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MELISSA BLOCK, host:

In the music business, the term custom studio usually means a small operation designed for aspiring artists with big dreams and thin wallets.

Few records made in custom studios ever find national success, but their vaults can be important archives for local musicians and styles. A new CD series called Local Customs focuses on these tiny, work-for-hire studios.

Oliver Wang reviews the first release in the series, "Downriver Revival."

OLIVER WANG: Ecorse, Michigan, is a small, three-square mile suburb a few minutes downriver from Detroit. There, in the mid-1960s, Felton Williams, an electrician for Ford Motor Company, converted his basement into a jerry-rigged custom studio he dubbed Double U Sound.

(Soundbite of music)

WANG: Beginning in 1967, local musicians started using Double U to test the waters with their first recordings. Not surprisingly, the studio's first client, an R&B group named The Combinations, borrowed heavily from the recording giant a few miles upriver, Motown.

(Soundbite of song "While You Were Gone")

Unidentified Man #1 (Singer): (Singing) Why did you walk on me. (unintelligible). She brightens up my life. Yeah. Show me your (unintelligible) way. She could have been (unintelligible) my heart and gave me a brand new start while you were gone.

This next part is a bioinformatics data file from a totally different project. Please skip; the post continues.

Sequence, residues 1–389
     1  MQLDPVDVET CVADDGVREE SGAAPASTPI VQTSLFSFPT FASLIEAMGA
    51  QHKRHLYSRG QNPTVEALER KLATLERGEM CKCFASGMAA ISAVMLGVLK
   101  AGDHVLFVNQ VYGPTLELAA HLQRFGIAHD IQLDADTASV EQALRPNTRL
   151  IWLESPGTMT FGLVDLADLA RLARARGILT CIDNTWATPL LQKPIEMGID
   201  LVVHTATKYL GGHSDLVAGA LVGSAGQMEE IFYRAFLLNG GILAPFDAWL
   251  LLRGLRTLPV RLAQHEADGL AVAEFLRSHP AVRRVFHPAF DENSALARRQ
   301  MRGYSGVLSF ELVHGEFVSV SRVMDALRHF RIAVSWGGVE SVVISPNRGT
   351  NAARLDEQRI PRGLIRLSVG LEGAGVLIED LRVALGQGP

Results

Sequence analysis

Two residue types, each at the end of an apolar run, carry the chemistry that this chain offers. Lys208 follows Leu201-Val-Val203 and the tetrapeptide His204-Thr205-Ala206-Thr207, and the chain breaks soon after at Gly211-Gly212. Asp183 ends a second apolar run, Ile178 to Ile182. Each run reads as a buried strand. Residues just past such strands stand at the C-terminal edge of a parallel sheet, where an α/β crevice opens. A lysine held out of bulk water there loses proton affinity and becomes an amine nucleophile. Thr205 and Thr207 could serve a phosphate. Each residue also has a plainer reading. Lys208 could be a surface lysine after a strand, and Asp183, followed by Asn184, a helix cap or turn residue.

WANG: In Double U's early years, Felton Williams produced artists from across the region's diverse musical spectrum. Detroit's booming industrial economy was a major draw for migrants, especially from the rural South. Williams himself was born in Mississippi.

As a result, Detroit's musical DNA was built on country, blues, jazz, soul, gospel, rockabilly, funk and more. Down in the Double U basement, these styles often mixed.

(Soundbite of song "Ridin' High")

WANG: Williams recorded both secular and gospel music, but in 1970, committed to working solely with artists from Toledo's Church of the Living God where he himself learned how to play pedal steel guitar to accompany gospel choirs.

(Soundbite of music)

Unidentified People: (Singing) Heaven, heaven, heaven, oh heaven.

WANG: It was in the church that Williams met Shirley Ann Lee, a singer who provided Double U Sound with some of its most successful recordings.

(Soundbite of song "There's A Light")

Ms. SHIRLEY ANN LEE (Singer): (Singing) There's a light in my life shining over me. There's a light in my life shining over me, yeah. There's your blessings from above, fill me with thy precious love. There's a light in my life shining over me.

WANG: Double U's last session took place in 1981, but Felton Williams kept almost everything, over 300 reels of tape. The new compilation includes a bonus DVD that allows listeners to click through 50 of these reels, accessing hours of unreleased material.

A half-hour video documentary profiles Williams, the artists he recorded and their neighborhoods.

Altogether, "Downriver Revival" is a remarkable time capsule not just of Double U Sound, but of Ecorse, its surrounding towns and all of the pockets of local talent that have sprouted along the southern banks of the Detroit River.

(Soundbite of music)

BLOCK: Oliver Wang is an assistant professor of sociology at California State University Long Beach, and he runs the audio blog soulsides.com.

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